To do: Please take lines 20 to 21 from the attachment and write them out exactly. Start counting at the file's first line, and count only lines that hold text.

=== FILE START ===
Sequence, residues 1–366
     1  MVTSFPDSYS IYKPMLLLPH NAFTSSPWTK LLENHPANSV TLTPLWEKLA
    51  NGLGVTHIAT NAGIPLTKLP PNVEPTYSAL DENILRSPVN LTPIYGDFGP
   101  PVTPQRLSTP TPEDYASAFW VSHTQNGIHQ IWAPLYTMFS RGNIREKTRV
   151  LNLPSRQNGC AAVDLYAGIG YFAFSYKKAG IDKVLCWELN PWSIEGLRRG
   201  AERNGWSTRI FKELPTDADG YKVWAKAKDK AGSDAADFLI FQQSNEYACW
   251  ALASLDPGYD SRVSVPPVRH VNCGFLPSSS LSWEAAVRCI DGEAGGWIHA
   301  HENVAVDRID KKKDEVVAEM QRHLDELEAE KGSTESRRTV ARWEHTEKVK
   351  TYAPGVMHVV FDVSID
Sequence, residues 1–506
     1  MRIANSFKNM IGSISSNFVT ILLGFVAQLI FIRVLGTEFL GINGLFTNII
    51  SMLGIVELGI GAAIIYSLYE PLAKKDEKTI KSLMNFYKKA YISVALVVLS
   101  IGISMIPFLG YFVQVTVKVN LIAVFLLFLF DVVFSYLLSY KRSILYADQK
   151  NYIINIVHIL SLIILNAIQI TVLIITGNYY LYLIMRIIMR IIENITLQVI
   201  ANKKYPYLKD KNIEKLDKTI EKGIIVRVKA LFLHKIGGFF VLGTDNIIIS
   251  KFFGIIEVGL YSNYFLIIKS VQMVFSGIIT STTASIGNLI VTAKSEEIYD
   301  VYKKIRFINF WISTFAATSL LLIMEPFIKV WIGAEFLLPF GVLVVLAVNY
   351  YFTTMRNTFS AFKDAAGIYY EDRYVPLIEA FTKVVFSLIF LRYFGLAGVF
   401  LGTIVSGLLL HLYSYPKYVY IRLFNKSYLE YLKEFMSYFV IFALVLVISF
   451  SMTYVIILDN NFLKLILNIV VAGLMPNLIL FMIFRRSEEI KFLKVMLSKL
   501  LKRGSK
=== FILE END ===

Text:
   451  SMTYVIILDN NFLKLILNIV VAGLMPNLIL FMIFRRSEEI KFLKVMLSKL
   501  LKRGSK